The Yerkes National Primate Research Center of Emory University is one of eight National Primate Research Centers funded by the National Institutes of Health. The Yerkes Center is a multidisciplinary research institute recognized as a leader in biomedical and behavioral studies with nonhuman primates. Yerkes scientists are on the forefront of developing vaccines for AIDS and malaria, and treatments for cocaine addiction and Parkinson’s disease. Other research programs include cognitive development and decline, childhood visual defects, organ transplantation, the behavioral effects of hormone replacement therapy and social behaviors of primates. Leading researchers located worldwide seek to collaborate with Yerkes scientists.

Poul Olson | EurekAlert!
Further information:

More articles from Studies and Analyses:

nachricht Diagnoses: When Are Several Opinions Better Than One?
19.07.2016 | Max-Planck-Institut für Bildungsforschung

nachricht High in calories and low in nutrients when adolescents share pictures of food online
07.04.2016 | University of Gothenburg

All articles from Studies and Analyses >>>

The most recent press releases about innovation >>>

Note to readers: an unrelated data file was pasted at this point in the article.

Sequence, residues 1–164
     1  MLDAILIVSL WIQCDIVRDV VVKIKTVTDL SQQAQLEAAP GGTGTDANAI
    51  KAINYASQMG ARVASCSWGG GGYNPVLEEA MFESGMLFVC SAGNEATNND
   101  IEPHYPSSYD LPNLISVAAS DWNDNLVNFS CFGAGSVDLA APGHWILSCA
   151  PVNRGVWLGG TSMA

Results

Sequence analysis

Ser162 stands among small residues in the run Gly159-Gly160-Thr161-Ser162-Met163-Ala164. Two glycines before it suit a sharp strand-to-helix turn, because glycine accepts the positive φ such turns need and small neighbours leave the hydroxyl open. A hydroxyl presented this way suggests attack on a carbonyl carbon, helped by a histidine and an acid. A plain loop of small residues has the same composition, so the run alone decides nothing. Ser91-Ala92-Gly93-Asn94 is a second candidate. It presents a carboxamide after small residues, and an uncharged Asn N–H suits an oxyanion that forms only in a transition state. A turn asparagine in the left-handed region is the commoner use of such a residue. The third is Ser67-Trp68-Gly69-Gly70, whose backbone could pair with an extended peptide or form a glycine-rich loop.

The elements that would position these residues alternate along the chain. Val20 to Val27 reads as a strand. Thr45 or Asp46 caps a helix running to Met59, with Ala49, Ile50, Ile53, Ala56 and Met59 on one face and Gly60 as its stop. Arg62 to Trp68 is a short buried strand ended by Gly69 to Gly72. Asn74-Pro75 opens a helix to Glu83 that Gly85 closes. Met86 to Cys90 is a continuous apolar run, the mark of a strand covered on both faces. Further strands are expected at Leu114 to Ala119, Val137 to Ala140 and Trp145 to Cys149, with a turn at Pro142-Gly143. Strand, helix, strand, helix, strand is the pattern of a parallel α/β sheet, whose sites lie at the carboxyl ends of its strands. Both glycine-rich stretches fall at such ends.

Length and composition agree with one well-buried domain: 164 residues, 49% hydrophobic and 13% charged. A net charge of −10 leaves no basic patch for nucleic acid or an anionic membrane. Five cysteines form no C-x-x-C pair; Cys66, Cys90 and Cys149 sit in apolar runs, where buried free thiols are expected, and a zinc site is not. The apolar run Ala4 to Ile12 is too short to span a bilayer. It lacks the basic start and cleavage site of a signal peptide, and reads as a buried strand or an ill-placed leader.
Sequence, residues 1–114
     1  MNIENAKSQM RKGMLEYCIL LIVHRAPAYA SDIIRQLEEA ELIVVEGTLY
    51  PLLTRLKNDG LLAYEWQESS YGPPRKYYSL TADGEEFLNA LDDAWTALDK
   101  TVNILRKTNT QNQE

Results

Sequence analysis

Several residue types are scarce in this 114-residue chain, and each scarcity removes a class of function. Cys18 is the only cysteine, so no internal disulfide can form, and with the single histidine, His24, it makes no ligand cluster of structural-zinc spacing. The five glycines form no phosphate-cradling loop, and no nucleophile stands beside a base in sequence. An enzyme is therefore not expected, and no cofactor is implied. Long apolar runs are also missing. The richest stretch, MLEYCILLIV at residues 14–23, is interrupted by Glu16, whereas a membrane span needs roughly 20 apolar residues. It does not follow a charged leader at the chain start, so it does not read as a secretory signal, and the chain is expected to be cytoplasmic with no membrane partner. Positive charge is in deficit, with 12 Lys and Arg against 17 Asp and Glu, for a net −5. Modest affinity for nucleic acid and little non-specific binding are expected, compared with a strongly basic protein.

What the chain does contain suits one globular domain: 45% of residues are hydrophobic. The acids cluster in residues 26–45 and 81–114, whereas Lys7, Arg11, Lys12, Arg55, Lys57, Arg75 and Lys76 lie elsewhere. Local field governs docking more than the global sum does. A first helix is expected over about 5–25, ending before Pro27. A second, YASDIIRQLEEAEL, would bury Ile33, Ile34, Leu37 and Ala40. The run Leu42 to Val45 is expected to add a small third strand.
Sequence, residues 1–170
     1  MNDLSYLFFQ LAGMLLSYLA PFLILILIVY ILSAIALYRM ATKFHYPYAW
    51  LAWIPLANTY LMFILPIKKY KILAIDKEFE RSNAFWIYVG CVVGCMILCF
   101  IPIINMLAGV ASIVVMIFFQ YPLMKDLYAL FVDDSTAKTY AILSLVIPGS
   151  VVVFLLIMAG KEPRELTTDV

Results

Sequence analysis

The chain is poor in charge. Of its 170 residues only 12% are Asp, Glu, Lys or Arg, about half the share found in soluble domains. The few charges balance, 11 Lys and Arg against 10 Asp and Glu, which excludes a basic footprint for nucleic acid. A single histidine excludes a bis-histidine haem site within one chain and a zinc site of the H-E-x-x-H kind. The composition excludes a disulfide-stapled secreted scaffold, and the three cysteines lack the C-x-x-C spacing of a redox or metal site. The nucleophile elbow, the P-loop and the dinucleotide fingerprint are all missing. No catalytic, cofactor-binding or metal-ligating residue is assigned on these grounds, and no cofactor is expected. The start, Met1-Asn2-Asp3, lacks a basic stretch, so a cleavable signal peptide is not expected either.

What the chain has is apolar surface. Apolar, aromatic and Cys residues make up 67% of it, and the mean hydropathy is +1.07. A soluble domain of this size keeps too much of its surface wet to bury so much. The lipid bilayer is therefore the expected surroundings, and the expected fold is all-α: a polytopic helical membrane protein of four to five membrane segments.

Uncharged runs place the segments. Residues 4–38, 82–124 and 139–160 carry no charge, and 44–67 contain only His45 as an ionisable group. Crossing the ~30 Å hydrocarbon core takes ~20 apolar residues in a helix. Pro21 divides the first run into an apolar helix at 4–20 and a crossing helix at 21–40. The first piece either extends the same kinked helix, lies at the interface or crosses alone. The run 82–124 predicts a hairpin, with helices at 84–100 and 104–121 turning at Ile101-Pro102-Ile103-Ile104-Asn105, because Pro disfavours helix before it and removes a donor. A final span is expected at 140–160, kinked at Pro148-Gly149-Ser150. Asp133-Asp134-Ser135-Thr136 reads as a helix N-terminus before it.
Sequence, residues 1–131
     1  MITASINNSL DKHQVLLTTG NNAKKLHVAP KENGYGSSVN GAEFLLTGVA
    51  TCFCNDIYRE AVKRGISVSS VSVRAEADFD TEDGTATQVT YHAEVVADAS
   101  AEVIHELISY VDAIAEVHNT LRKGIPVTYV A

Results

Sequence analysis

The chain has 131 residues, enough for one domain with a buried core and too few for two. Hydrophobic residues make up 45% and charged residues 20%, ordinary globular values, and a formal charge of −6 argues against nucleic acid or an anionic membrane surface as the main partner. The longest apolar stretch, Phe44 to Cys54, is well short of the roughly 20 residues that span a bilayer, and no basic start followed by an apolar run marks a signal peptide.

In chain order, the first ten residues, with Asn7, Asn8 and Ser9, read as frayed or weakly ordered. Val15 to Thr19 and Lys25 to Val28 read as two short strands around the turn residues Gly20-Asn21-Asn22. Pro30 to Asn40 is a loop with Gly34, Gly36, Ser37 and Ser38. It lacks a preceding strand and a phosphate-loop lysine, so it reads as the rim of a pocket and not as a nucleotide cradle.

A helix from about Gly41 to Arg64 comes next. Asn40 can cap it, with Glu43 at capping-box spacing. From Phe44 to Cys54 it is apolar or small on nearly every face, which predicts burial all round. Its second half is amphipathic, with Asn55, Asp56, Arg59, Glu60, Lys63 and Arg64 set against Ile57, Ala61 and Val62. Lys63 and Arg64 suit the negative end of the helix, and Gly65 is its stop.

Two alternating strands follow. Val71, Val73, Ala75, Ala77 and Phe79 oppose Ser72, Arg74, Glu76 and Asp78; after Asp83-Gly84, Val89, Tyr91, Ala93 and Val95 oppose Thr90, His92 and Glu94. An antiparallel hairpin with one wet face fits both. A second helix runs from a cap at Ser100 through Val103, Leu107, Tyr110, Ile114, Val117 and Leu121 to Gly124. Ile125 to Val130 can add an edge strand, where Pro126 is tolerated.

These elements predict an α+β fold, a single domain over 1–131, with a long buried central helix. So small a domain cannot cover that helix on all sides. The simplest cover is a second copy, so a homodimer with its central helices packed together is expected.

Die letzten 5 Focus-News des innovations-reports im Überblick:

Im Focus: Etching Microstructures with Lasers

Ultrafast lasers have introduced new possibilities in engraving ultrafine structures, and scientists are now also investigating how to use them to etch microstructures into thin glass. There are possible applications in analytics (lab on a chip) and especially in electronics and the consumer sector, where great interest has been shown.

This new method was born of a surprising phenomenon: irradiating glass in a particular way with an ultrafast laser has the effect of making the glass up to a...

Im Focus: Light-driven atomic rotations excite magnetic waves

Terahertz excitation of selected crystal vibrations leads to an effective magnetic field that drives coherent spin motion

Controlling functional properties by light is one of the grand goals in modern condensed matter physics and materials science. A new study now demonstrates how...